Bitcoin will come to Wall Street on Sunday, and some executives of the world's biggest banks are not sleeping well.
Cboe Global Markets Inc. has a few days to go before it launches cryptocurrency futures contracts, many banks are still weighing whether to offer them to customers, and if so, how to handle the mechanisms. In the interviews, some executives and merchants said that their desks are eager to participate in the action, but most sounded like warning notes, marking concerns and unanswered questions. The violent swings in Bitcoin prices this week have made the new market look even more dangerous.
All the people, speaking of half a dozen big firms, asked not to be named, in some cases saying they are worried contradicting the public statements of their employers. Others said it is still too early to take a position. Here are some of his main concerns:
Some CEOs of banks and industry leaders have spent months publicly mocking bitcoin: "It's a fraud", "the very definition of a bubble  "Or an" index for money laundering "- and who knows what they have said in private. Now, what will it look like if companies help customers invest in something that explodes? How could internal comments on future ones sound if they ever spill over in legal cases? One executive, for example, privately referred to the cryptocurrency as "sh * tcoin".
Enthusiasts say that bitcoin is a coin. The Commodity Futures Trading Commission says it's a commodity. The same goes for Goldman Sachs Group Inc. Therefore, it may seem natural that the trading tables in those markets handle the new contracts. But one executive said there is at least one argument for making stock desks (and delta one traders specifically) be used to mathematics: Bitcoin is like a volatile stock, and futures, at least in some way, are like tracking options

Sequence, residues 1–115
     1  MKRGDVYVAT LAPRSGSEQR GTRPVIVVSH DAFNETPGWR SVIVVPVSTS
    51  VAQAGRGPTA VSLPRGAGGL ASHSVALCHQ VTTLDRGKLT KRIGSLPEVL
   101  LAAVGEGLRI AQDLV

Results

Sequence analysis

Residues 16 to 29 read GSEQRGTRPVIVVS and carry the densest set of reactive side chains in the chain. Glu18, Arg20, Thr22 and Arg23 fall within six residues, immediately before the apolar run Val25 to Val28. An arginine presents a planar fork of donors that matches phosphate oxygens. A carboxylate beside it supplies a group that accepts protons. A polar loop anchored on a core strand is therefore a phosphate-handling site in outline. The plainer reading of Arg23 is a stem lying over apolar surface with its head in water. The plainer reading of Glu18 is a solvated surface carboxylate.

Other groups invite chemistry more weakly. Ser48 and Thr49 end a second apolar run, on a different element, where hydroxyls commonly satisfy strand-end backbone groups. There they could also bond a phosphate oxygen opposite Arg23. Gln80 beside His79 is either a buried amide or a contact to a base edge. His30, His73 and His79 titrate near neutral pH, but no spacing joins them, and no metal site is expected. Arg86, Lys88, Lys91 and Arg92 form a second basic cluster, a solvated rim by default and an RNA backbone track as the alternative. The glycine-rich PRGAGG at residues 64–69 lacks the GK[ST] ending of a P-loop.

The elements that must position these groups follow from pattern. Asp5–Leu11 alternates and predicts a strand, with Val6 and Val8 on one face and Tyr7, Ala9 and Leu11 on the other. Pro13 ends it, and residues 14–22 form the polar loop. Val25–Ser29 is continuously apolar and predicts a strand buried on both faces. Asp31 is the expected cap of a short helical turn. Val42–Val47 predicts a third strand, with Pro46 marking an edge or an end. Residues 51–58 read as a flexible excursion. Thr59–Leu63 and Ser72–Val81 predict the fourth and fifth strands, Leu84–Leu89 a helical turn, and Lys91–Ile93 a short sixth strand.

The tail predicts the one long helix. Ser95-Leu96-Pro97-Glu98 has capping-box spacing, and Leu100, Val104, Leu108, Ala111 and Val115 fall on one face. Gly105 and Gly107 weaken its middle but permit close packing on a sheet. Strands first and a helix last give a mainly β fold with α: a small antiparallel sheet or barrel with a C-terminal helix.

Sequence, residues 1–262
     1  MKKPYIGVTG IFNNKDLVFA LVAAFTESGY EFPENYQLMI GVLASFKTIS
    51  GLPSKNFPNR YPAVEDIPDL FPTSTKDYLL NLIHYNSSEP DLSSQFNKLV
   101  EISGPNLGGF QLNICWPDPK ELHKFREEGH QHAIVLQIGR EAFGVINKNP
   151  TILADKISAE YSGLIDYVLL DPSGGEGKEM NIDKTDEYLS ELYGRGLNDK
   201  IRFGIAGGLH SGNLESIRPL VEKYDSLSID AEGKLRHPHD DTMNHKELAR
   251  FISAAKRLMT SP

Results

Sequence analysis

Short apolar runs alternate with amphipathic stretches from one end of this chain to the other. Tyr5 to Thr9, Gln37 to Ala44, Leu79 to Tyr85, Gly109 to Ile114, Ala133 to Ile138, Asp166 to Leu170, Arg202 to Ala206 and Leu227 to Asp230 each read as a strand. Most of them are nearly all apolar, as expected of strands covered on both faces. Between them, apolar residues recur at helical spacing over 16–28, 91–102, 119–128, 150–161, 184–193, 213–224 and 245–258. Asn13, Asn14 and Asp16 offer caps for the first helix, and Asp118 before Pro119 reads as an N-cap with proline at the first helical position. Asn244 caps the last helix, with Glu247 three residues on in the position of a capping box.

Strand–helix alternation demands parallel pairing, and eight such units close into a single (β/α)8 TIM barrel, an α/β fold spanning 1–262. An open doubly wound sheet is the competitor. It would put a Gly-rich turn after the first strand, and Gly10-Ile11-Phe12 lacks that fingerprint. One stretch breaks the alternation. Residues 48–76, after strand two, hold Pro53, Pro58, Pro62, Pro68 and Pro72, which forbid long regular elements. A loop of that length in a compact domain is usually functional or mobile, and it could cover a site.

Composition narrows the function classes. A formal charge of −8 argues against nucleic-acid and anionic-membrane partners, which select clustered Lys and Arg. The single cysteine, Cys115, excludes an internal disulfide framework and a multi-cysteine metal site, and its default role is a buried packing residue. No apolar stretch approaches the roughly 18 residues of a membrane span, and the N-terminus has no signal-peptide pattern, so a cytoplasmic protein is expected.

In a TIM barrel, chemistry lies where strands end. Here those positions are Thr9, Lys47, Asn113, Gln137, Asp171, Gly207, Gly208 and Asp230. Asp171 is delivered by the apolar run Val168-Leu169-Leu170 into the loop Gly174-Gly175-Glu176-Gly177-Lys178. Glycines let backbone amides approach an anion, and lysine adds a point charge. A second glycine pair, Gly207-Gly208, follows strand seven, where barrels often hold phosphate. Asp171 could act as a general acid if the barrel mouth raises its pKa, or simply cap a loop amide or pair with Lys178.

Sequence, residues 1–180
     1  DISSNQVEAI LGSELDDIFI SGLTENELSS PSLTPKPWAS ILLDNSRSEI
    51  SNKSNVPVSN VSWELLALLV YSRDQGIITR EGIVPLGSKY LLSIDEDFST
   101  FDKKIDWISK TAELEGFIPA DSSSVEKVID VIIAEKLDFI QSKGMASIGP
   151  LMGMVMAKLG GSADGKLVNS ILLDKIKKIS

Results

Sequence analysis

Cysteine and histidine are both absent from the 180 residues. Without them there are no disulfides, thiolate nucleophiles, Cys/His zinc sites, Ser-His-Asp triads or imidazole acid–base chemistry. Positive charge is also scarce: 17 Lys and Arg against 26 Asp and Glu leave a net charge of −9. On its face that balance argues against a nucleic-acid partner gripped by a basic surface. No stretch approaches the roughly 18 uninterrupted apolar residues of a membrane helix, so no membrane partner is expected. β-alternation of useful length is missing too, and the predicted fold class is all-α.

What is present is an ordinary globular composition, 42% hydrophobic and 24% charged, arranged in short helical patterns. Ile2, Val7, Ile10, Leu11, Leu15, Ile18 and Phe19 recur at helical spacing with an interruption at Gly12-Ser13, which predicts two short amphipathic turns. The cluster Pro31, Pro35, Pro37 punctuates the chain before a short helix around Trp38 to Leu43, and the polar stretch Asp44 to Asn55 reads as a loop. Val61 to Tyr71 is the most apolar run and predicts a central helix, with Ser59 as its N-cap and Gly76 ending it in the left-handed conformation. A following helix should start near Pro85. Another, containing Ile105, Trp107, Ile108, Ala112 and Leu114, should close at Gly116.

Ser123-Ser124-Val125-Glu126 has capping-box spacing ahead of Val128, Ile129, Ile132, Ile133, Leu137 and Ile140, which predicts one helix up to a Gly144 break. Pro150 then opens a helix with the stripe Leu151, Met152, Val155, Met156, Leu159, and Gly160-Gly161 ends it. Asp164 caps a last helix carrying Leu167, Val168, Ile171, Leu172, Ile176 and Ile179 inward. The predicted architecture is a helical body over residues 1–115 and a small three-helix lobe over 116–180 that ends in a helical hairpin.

When badet prices are stable, it is relatively easy for banks to create markets: help a customer buy or sell an badet, and then take time to find another customer that want to take an opposite position. But the bitcoin is too radioactive for the banks to maintain: it oscillates in a disorderly manner in a matter of minutes and there is no established model to account for it in the balance sheet. Then, the banks will try to liquidate the new contracts, matching one investor with another. That can be difficult. Some traders, for example, said that many customers are only interested in shorting. That can make it a pretty hard day at the office: without long, exchanges can be expensive and difficult to establish.
Dangers in Clearing
This was presented in a letter this week from the Futures Industry Association, which said that Cboe and the largest exchange operator CME Group Inc. are rushing to launch the futures to the market without a adequate consideration of risks. The business group, made up of some of the world's largest derivatives brokers, said it was concerned that the extreme volatility of the cryptocurrency could lead investors to default if prices fluctuate. That could harm companies that cancel contracts.
It will be difficult for big bureaucratic banks to discover all these mechanisms, and their own stomach for business, in a tight schedule. A person close to Goldman Sachs said Thursday that he will initially eliminate bitcoin contracts for certain clients on a case-by-case basis. Bank of America Corp. and Citigroup Inc. will not offer compensation in the coming weeks. And in some other companies, executives said they can enter when they're ready. So, if they choose to enter, it will be easy. But will a small presence of the big players give an advantage to the more agile and risk-friendly companies that embrace the new market from the door?